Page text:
We love our cosplayers here at Arcade Sushi and we thought it would be a great idea to have them participate in special guest columns talking about the world of cosplay. Our next guest writer is Gabriela Almeida, a Brazilian cosplayer who is one of the most stunning women we've ever featured on this site. In this special Cosplay Column, Gabriela talks about what life is like for her as a cosplayer. English isn't her first language, but she did a great job. It’s an awesome read so enjoy!
Life as a Cosplayer by Gabriela Almeida
Making cosplays is great! For me, it’s a pure form of art, where you can express yourself, let your imagination flow and, at the same time, pay a tribute to your beloved characters. But sometimes, life is not a bed of roses. There are lots of problems waiting the right (or wrong), moment to catch you by surprise. I’m from Brazil, so I’m not sure if these things happen the same way in another countries, but here it’s a long way to the top if you wanna cosplay.
I’m always saying that the best choice that I made in my life, was learning how to sew. There are lots of great cosmakers here, but usually, the prices are really high! And I can’t blame them!! Taking the responsibility to make someone’s costume is pretty hard. Cosplay is not like a casual outfit where you can make a few changes here and there. The costume needs to be exactly like the design provided by the costumer and some constructions are just insane and absurdly full of details. And I’m not even taking about armors yet! It’s a lot of work and headaches. It totally justifies their prices (or not).
But, some people just can’t handle it, so they go after a common seamstress. Poor ladies, used to make cute dresses or fix some pants and suddenly some geek appears with a Final Fantasy outfit to be made. Hardly she’ll make it right, but we can’t blame her either. It’s pretty hard for someone who doesn’t know this “cosplay world” to assimilate all the information of that complex oufit from your beloved character. I feel bad for those ladies.
Anyway, I wish the making process of the outfit was the only problem. In Brazil it’s really hard to find some materials, even more the right material of the right color, as well as proper wigs and contact lens. So, the only option is: Import. Oh, god! Import things here? It’s a pain the ass. Thanks to the mail system of my country I already had to wait three (Yeah, that’s right THREE), months to receive some packages. And two packages ended up returning to China! I feel the anger possessing me everytime I remember this. By the way, as I write this text, I’m still waiting for the fabrics that I ordered last month to finish one of my next costumes. *sob* Endless wait.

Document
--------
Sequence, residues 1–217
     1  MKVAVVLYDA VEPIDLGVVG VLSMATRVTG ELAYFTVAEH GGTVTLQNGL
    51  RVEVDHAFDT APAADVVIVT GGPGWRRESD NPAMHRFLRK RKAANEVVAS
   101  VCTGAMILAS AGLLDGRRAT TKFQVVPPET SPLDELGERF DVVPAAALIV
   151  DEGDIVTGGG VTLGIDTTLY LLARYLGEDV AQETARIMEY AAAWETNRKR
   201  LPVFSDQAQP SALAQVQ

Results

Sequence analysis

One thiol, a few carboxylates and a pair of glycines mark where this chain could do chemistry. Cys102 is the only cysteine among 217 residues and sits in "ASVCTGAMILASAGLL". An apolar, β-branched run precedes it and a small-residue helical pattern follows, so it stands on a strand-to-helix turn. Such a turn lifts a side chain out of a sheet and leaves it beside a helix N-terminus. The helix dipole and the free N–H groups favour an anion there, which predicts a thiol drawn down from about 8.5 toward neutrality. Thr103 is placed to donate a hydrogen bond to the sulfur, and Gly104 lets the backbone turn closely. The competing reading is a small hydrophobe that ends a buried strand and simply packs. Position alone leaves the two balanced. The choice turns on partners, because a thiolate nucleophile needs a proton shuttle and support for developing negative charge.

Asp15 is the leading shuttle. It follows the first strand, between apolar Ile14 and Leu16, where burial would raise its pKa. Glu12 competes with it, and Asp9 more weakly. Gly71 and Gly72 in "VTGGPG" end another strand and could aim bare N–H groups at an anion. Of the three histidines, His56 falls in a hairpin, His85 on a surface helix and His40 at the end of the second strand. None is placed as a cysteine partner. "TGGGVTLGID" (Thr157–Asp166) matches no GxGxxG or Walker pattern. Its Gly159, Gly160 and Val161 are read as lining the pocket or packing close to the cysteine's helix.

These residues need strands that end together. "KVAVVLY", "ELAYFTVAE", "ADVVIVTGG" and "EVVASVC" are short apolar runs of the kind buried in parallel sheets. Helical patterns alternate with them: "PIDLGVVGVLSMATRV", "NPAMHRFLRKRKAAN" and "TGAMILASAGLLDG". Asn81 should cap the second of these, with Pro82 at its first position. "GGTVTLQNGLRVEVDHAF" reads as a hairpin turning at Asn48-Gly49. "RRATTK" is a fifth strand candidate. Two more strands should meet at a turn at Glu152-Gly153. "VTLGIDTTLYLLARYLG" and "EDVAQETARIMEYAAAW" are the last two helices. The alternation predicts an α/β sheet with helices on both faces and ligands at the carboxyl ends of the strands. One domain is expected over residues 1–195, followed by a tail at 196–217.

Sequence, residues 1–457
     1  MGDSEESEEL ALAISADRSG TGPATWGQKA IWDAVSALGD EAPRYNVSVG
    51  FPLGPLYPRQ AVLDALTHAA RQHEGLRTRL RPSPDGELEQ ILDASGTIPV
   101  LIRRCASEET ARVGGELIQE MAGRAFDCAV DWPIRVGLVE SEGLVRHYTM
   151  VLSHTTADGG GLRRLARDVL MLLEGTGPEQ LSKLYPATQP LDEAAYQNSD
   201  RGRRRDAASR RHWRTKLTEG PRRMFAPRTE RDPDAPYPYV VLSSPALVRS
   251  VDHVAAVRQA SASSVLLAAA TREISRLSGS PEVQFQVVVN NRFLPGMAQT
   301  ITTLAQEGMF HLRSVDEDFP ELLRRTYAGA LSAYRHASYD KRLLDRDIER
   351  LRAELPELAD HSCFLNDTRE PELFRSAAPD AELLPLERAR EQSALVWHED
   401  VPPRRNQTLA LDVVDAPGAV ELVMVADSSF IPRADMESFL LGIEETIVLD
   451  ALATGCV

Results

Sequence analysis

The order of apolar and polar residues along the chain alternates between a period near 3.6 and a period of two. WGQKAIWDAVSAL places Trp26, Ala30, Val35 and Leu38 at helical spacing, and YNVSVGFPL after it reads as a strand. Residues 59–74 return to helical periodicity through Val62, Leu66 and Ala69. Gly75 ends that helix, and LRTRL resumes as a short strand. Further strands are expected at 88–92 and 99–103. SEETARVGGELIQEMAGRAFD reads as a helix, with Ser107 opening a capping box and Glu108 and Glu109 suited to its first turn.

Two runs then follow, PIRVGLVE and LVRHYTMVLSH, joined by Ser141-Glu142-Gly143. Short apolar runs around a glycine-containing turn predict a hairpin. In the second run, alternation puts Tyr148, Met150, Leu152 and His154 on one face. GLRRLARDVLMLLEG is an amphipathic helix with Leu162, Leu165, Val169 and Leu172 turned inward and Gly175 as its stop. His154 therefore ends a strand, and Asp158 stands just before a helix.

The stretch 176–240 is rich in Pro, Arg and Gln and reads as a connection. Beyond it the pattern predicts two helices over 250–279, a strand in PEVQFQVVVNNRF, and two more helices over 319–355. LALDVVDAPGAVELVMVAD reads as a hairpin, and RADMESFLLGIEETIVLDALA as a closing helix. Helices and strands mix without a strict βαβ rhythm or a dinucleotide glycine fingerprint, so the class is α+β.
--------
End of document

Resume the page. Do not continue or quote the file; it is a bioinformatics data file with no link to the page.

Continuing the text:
Alright, after surviving the path of the making process with lots of burns by hot glue and scissor cuts, the big day arrives! But, if you think that it all comes down to simply wearing the clothes and walking around... oh, you’re so wrong. It’s another painful process. Just imagine how it is to spend the day wearing heels, heavy wigs, those big contact lenses and clothes that limit your moves! And the worst of all, stay at the same pose for several minutes while some stupid boy try to take advantage of the moment, poking you in improper places or taking photos on creepy angles. Awful! (I don’t know how it is where you, dear reader, lives. But Brazilian boys know how to be extremely annoying at this point). Wearing costumes at cons can be very exhaustive and stressful. It’s very important to know your own limits. I think that one of the best parts of wearing a costume is taking it all off at the end of the day. Especially the shoes.
In the end, it's mission accomplished. The whole experience is very rewarding. You just finished that awesome cosplay in time, did a great job, took lots of amazing photos, met new friends, enjoyed the con, and most important, had lots of fun! All the effort was worth it, and the only thing on your mind is, need to begin the new cosplay. The whole process looks too tiring, but ends up being pretty fun. Learning new things is always great. It only brings benefits.
But the sad part is that the “cosplay world” is becoming very hostile. People can be very critical, they find countless reasons to judge and to criticize (your body type, your face, the color of your skin, your height, the amount of fabric that you used). This is so demotivating!! It already takes lot of courage to expose yourself at conventions, so why be mean with people who are trying to have fun? Even fellow cosplayers, who should understand all the efforts that you put on your outfit, can be very cruel. It’s like a battle for getting more attention, and that’s a very ugly part of this colorful world. We should support each other! C’mon, guys... We cosplayers make the cons prettier and funnier, don’t you think?
You certainly do make the world prettier, Gabriela! Thanks for the awesome column!
Look for more special guest cosplay columns in the near future. If you’d like to write a Cosplay Column, send an email to: email@example.com